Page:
He also pointed out that the planned system may not be effective. “All these have so far taken place secretly. Who would ever like to willingly tell the authorities about their remittances at the risk of revealing their identities and those of their relatives in the North? One out of 10 may be willing,” he said.

North Korean defectors usually send their money through ethnic Chinese people here, who ask their Chinese relatives or acquaintances inside the North or near the North Korea-China border to deliver the money. The brokers are known to take 30 percent of the total remittances.

According to a survey by a private Seoul-based group, which was released early this year, nearly half of North Korean defectors here have sent money to their families in the North.

Wednesday, May 25, 2011

US human rights envoy visiting North Korea

U.S. human rights envoy Robert King has begun a week-long visit to North Korea to assess the country's food shortage and a possible resumption of U.S. food aid.

King, the first U.S. official to visit North Korea in 17 months -- and the first by a human rights envoy since 2004 -- arrived to little fanfare. He has been highly critical of North Korea's record on human rights. In January last year, during his first trip to Seoul after being confirmed by the U.S. Senate in his post, King said the North was "one of the worst places in terms of the lack of human rights." He also said human rights issues will play a part in any agreement with the United States.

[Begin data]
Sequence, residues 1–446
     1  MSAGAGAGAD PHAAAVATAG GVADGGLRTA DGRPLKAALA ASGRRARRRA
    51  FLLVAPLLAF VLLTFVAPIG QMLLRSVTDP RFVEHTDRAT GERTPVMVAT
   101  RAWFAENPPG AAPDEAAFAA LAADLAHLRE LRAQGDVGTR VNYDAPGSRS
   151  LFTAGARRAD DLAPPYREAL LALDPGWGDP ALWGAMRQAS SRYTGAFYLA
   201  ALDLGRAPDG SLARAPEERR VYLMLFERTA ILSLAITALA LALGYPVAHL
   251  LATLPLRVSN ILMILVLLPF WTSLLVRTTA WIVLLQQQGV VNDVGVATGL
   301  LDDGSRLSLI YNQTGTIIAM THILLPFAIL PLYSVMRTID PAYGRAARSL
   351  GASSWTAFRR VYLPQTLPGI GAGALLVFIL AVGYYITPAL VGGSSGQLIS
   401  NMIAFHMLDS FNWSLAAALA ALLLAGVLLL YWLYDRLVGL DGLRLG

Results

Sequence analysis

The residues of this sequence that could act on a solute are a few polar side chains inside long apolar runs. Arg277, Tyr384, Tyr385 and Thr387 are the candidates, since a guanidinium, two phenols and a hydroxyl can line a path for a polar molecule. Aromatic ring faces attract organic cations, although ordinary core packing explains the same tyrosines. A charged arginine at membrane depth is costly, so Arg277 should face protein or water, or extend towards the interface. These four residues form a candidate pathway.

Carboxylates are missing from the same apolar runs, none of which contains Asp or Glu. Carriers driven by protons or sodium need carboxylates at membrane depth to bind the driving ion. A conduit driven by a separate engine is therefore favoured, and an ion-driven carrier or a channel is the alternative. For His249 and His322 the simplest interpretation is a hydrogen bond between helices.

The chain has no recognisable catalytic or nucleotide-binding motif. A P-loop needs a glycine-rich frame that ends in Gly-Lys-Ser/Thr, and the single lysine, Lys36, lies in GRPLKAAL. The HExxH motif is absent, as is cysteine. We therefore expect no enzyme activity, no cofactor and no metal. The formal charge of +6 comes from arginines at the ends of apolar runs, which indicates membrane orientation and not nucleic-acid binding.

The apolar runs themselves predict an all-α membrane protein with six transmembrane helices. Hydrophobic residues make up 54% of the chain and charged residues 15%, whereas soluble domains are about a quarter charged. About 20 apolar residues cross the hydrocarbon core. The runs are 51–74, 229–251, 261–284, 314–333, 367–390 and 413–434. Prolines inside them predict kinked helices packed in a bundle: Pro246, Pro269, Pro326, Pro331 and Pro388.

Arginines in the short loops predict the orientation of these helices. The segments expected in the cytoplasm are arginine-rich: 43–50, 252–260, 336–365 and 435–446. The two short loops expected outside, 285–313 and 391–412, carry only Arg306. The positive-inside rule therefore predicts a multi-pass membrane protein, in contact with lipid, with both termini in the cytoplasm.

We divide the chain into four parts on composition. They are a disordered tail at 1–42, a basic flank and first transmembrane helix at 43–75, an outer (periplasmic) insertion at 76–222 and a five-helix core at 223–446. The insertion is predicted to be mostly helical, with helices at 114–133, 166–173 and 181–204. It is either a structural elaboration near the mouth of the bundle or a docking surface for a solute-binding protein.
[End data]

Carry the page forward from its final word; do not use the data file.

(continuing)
King is to remain in Pyongyang until at least the weekend, although some of the delegation may stay longer if they decide to travel to remote parts of the country.

"We will be making a decision on [resuming food aid] over the next few days," U.S. Envoy to South Korea Stephen Bosworth said.

Friday, May 20, 2011

Not apparent if Heir Apparent Kim Jong-un visiting China

South Koreans pay close attention to the movements of the leadership of North Korea, perhaps the world's most secretive regime.

Midst the conflicting accounts of whether Kim Jong-il's heir apparent son, Kim Jong-un, accompanied his father to China on Friday, The Korea Herald reports that a source in a Chinese border city confirmed the junior Kim Jong-un’s presence. The junior Kim appeared to be heading to Mudanjiang in northeast China after arriving in the Chinese border city of Tumen early Friday morning, the source in Tumen told Yonhap News Agency.

Open Radio for North Korea, a South Korean NGO partly staffed by defectors from the North, and who maintains a network of informants in North Korea, reports: "I checked through my sources, and one had heard from a military officer working at the border yesterday that there was some kind of 'emergency' along the border," said Ha Tae-kyung, the organization's president.

"According to that military officer, it was Kim Jong Il who is going -- not his son."

The term of Chinese President Hu Jintao's term is set to expire next year, prompting some to anticipate greater diplomatic interchange between Beijing and Pyongyang as Kim seeks to forge relations with the incoming leader.